The potential of virtual reality to study criminal and unethical behavior
- Date: Oct 7, 2019
- Time: 16:00
- Speaker: Jean-Louis van Gelder
- University of Twente
- Location: MPI
- Room: Basement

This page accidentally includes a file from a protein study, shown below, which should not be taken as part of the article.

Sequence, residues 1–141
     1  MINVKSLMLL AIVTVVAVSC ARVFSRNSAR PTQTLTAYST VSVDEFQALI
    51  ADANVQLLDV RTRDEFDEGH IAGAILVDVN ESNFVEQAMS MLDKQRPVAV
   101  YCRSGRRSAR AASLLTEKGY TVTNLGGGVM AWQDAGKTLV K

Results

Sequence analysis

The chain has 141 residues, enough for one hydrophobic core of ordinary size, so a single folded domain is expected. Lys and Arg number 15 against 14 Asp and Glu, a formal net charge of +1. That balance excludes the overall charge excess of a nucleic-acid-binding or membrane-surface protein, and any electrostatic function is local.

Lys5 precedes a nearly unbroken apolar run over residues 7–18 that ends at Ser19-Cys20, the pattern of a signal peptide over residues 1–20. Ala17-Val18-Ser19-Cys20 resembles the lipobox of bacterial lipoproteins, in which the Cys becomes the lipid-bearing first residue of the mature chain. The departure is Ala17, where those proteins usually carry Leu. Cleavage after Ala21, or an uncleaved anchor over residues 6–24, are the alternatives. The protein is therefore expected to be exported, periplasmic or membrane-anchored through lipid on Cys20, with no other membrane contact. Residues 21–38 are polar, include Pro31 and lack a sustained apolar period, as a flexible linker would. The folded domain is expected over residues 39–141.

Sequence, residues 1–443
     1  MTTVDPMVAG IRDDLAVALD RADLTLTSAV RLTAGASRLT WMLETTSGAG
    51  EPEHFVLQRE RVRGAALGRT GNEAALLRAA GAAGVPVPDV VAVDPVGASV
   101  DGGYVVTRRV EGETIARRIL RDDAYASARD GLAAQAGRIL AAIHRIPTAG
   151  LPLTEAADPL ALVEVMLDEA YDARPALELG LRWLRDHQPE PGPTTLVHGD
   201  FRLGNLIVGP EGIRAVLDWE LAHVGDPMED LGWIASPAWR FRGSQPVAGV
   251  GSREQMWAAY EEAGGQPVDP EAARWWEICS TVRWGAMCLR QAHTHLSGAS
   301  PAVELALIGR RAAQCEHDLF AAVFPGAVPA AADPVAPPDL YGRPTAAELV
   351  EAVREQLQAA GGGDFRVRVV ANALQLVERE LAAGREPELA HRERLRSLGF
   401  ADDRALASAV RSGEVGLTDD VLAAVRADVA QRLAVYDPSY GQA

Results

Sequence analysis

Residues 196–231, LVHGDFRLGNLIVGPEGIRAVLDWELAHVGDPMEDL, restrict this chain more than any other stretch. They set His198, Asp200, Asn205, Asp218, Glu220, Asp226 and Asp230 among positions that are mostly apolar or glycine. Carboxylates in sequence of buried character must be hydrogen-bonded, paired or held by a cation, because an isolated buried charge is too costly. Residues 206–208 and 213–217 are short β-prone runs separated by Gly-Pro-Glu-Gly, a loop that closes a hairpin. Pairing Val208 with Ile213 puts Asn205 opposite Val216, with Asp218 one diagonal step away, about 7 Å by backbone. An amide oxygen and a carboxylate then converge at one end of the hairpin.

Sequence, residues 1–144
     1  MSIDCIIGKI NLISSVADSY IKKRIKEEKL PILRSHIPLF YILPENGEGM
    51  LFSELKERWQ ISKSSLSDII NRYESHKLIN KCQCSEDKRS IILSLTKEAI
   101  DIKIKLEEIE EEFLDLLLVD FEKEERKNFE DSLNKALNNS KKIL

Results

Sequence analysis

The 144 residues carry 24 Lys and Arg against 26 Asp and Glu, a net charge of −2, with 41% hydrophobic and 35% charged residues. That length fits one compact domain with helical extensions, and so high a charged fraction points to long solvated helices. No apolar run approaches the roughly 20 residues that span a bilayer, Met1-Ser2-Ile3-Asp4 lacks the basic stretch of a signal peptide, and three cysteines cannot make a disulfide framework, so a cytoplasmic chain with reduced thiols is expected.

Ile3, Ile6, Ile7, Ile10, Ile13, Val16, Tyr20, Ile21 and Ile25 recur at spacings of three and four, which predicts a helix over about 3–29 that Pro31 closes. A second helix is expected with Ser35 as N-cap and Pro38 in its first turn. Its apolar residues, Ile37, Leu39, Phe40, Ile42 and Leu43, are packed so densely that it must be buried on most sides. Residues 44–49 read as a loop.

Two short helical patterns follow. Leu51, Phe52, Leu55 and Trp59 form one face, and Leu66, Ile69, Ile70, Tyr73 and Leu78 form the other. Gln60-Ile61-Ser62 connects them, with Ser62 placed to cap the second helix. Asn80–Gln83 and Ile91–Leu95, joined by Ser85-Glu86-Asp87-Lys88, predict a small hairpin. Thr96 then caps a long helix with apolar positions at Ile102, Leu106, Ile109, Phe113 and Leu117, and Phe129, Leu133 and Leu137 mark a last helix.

Compared to normative behavior, the study of criminal and otherwise unethical and rule-violating behavior poses particular challenges for researchers. For example, these behaviors often take place out of sight, and hence rarely allow for direct observation. Furthermore, disclosure of information tends to be less reliable for socially undesirable behavior, whereas ethical considerations place restrictions on the use of experimental designs. Immersive virtual reality (VR) yields unique potential as a research tool in these contexts. VR has the ability to mimick the real world and provides the opportunity for real-time observation of behavior while maintaining experimental control. In this presentation, I will elaborate on the research potential of VR technology, devoting particular attention to two recent research projects that use VR in the domain of criminal decision-making. Specifically, I will present recent findings from a project in which convicted burglars undertake mock burglaries in a virtual neighbourhood. The realistic simulation of a real-world neighbourhood enables examining the burglary event as it unfolds and testing the effectiveness of measures aiming to deter burglars. Furthermore, I will discuss FutureU, a project that uses special software to create aged visual analogs, ‘avatars’, of participants in order to have them ‘meet’ and interact with their future self. The goal of this project is to instill a more future-oriented mindset and reduce criminal conduct. Together these projects serve to demonstrate that VR can provide an ecologically valid alternative to traditional methods, create research possibilites that are hard to realize otherwise, and allows for the study of phenomena that may be difficult to examine in the real world.